If you’re Jenny McCarthy, you blame autism on vaccinations. If you’re Michael Savage, you blame it on a decline in Yiddish Billingsgate among fathers. Now, if you’re Cambridge University professor Simon Baron-Cohen — yes, cousin of Sacha, the genius behind Ali G., Borat and Bruno — you believe it might result from interbreeding among members of the techie family.
Previous studies, reports the UK’s Daily Mail, have shown high rates of autism among “‘systemisers’ – those who do jobs relating to systems and how they work, such as computer programmes or machines.” Indeed, a 1997 study showed “children and grandchildren of engineers were more likely to be on the autistic spectrum.” In Silicon Valley, where there are “high rates of partnership,” as the Mail delicately puts it, among mathematicians, physicists and engineers, “cases of autism have skyrocketed.”
Baron-Cohen plans to study whether two parents who work in science, technology, engineering and math are more likely to produce children with an “autism spectrum diagnosis” than couples in which one or neither partner works in these fields. He expects to publish the results in 12 months.
Just a few days ago, funnily enough, an ex-girlfriend wrote to tell me she’d been diagnosed with Asperger’s Syndrome. (Can I joke here that my own tests came back clean? No? Okay, never mind.) It’s an extremely mild form of autism, often — and in her case, quite observably — associated with high intelligence. She told me the diagnosis had cleared up what had seemed like unanswerable questions — her slowness to get certain jokes, for example, and certain quirks in her body language. What can I say? My moonblind eyes hadn’t noticed. And if she never got my jokes, she was at least polite enough to giggle nervously at them.
What I do remember observing quite clearly, though, is that she was what any British researcher worth his received pronunciation would be pleased to call a systemiser. An accountant, an ace grammarian and a champion housekeeper, she could have systemized pigeon droppings. Her father, I seem to recall, was a theologian, and nobody can get more systemic than that. Could the Angelic Doctor, the Great Ox himself, have passed a Sally-Anne test? I wouldn’t bet my cappa on it.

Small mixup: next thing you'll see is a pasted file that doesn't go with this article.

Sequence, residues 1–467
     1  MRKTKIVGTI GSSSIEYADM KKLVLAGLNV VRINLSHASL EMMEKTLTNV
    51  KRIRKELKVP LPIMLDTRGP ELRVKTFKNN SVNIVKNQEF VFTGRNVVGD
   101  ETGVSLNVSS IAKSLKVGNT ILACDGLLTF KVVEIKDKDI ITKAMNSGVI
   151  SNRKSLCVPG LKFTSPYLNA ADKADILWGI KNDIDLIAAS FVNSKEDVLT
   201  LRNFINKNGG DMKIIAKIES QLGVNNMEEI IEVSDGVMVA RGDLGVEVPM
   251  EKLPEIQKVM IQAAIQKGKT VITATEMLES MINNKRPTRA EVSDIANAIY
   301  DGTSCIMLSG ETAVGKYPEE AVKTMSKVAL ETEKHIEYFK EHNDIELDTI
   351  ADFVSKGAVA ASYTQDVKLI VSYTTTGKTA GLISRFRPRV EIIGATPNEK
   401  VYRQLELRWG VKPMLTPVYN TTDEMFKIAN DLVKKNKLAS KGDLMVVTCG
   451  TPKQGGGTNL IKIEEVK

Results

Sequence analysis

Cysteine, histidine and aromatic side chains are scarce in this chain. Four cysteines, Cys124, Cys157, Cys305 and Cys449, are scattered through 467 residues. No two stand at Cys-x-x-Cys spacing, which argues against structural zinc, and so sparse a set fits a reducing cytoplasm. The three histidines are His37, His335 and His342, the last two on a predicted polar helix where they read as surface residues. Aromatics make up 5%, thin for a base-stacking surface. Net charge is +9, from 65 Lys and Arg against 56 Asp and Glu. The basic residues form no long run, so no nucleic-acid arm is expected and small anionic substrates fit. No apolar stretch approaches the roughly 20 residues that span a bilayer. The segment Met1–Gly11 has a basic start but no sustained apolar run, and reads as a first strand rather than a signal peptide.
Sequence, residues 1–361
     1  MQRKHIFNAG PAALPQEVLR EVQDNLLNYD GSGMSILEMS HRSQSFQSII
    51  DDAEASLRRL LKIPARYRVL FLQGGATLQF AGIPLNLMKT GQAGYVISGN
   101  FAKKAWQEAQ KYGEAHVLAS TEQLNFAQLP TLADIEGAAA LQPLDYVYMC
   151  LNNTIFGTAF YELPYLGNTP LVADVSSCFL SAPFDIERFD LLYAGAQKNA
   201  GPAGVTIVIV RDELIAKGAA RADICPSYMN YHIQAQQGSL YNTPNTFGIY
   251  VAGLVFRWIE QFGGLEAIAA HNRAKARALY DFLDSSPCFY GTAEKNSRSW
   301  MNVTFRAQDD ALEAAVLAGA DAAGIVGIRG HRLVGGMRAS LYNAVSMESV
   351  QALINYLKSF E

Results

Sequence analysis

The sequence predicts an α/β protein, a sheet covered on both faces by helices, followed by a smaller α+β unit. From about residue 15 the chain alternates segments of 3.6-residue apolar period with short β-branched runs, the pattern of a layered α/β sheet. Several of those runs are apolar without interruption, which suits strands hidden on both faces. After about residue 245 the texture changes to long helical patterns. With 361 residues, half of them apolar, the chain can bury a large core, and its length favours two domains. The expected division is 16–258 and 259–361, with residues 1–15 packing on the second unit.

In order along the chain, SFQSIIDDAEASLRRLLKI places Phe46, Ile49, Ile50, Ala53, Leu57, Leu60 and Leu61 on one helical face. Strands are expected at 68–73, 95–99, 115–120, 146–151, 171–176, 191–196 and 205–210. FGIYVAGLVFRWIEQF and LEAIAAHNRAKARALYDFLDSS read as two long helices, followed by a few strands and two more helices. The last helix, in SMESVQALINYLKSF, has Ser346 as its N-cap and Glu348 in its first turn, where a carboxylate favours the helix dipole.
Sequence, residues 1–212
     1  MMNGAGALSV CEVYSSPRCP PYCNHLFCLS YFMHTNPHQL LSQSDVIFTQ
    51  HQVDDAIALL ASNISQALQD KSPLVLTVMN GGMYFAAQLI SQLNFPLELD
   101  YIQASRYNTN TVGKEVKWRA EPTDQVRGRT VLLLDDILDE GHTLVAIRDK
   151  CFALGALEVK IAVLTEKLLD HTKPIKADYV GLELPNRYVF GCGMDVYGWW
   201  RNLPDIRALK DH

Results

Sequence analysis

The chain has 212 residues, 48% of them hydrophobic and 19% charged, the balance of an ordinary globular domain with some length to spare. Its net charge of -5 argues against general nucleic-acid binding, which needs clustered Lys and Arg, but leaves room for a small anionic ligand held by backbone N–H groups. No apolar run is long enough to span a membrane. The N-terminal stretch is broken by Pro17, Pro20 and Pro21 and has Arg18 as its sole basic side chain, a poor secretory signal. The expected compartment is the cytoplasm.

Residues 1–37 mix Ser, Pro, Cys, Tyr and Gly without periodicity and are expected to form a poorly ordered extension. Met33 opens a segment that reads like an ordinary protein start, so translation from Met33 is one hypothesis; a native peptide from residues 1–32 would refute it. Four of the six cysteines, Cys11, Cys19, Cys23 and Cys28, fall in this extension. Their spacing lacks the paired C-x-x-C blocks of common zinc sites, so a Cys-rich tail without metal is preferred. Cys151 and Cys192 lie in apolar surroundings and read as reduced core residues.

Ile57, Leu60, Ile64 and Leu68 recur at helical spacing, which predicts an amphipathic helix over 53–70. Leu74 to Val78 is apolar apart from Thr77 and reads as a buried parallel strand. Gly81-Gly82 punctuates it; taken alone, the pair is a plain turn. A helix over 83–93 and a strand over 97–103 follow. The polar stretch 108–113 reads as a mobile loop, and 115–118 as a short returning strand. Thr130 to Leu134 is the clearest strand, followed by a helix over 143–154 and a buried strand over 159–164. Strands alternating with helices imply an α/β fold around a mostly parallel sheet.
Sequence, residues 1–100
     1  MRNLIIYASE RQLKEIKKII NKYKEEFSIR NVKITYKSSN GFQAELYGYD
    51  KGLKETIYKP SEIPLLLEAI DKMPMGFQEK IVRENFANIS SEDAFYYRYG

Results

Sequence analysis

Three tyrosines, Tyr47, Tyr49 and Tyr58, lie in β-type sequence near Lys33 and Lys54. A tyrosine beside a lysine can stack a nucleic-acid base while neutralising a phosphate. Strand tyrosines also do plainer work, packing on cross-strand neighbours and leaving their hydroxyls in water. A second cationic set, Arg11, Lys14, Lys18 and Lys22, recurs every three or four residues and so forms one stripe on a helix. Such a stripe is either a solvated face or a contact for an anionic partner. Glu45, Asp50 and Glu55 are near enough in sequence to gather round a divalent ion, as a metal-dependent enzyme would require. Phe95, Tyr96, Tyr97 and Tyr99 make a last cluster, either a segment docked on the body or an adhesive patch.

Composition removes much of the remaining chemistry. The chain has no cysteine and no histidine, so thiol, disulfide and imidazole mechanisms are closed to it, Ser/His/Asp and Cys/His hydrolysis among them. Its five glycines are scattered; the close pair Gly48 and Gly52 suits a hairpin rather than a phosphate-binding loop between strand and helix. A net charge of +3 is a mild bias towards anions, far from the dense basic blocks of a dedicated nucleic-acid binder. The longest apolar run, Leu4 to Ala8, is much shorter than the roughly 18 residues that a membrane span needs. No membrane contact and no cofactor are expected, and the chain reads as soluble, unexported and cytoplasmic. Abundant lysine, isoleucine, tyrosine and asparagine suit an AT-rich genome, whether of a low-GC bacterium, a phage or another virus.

It’s a shame she and I didn’t last long enough to generate any data for Baron-Cohen’s study. Both sides of my family have yet to produce anything that could, even in pitch darkness, be mistaken for a systemiser. Trace them back to bar-Giora and Fingal, respectively, and you’ll find nothing but moody aesthetes and socially irresponsible fantasists. One of my grandfathers, who turned on to Miles Davis when every other ofay in suburbia was listening to Mantovanni, won acclaim for ranting in inspired freestyle whenever President Eisenhower addressed the nation over TV. The other grandfather, having made his nut selling insurance, reinvented himself as a retired cardiologist and lived out his days dispensing free medical advice to the snowbirds of Ft. Lauderdale.
I should put my picture and family tree in a catalog and send it off to MIT: “CHECK ME OUT, XKCD FANGIRLS: DNA AVAILABLE UPON REQUEST.”